Trump’s administration suggests Canada could get hit as Mexico with the same car border tax.

 

The Trump organization is showing signs Canada could confront the same retaliatory trade measures as Mexico, in what might be a considerably greater interruption to automakers, for example like, Toyota Motor Corp. and, Fiat Chrysler Automobiles NV.

Asked whether an auto border duty could affect Canada, President-elect Donald Trump’s spokesman, Sean Spicer, told reporters their policy wasn’t particular to any one nation.

“When a company that’s in the U.S. moves to a place, whether it’s Canada or Mexico, or any other country seeking to put U.S. workers at a disadvantage,” then the incoming U.S. president “is going to do everything he can to deter that.”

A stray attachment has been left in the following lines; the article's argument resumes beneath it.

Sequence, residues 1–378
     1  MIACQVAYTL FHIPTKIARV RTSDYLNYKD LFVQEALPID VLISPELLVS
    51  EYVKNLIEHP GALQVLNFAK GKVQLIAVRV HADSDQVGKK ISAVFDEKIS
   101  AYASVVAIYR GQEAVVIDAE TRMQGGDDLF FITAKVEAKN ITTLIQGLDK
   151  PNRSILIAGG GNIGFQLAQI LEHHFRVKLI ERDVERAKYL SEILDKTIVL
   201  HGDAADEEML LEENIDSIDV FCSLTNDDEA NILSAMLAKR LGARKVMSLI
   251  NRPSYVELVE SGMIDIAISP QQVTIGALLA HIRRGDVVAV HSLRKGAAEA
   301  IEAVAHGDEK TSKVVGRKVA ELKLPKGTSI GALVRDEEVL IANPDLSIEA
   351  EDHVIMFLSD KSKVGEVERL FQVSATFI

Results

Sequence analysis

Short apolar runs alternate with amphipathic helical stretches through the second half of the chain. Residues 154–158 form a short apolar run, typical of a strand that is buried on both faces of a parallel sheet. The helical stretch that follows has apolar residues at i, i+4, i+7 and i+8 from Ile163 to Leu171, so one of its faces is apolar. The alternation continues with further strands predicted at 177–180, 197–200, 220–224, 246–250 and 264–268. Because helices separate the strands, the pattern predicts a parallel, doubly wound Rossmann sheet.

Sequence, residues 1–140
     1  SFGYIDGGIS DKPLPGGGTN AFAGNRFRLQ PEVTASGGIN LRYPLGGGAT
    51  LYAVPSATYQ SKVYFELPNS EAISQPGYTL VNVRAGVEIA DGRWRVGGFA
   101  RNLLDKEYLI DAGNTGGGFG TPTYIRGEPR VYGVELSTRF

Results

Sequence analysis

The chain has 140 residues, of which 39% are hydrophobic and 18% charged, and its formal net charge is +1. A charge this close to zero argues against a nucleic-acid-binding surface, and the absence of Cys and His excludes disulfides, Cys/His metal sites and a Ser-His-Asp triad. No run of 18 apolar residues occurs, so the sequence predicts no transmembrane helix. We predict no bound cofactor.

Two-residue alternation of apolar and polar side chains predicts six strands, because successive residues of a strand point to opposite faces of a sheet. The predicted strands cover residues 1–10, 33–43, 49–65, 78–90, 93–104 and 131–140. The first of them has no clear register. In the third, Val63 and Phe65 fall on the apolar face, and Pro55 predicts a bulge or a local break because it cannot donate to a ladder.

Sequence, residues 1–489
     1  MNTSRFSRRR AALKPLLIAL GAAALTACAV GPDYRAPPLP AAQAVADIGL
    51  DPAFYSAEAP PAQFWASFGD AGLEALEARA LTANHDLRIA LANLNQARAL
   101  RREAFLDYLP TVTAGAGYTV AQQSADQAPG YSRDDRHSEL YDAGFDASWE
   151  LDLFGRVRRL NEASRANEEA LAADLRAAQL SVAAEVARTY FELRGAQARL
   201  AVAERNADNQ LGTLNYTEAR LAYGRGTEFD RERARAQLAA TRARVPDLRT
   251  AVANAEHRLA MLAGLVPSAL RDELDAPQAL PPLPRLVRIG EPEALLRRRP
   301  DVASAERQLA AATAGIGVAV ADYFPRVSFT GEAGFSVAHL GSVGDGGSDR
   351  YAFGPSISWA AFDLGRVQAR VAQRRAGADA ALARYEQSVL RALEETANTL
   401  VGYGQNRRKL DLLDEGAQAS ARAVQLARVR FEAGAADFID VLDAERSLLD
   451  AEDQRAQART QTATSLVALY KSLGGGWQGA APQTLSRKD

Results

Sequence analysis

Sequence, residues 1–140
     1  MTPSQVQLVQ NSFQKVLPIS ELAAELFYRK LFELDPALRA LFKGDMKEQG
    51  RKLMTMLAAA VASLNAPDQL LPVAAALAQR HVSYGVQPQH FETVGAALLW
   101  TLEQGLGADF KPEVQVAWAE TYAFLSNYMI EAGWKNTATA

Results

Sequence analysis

“It’s not so much a target at one particular country or one particular industry,” Spicer said, according to a Bloomberg report.

In the weeks since the U.S elections, numerous Canadian government officials and administrators have tried to stress how coordinated the Canada-U.S. auto sector is, with parts doing a back and forth across the border. Some have additionally brought up that a duty on vehicles could expand the costs U.S. purchasers would need to pay.

Amid late contract arrangements with the Unifor union, the Detroit Big 3 automakers, GM, Ford and Fiat Chrysler, all dedicated to interests in their Canadian operations. Including plans by Honda reported for the current week for practically $500 million in investment at its Alliston, Ont., production offices, automakers have said in the course of recent months that they will contribute about $2 billion to Canada.

The Toyota Corolla production going to Mexico is really being moved south from a plant in Cambridge, Ont.

 

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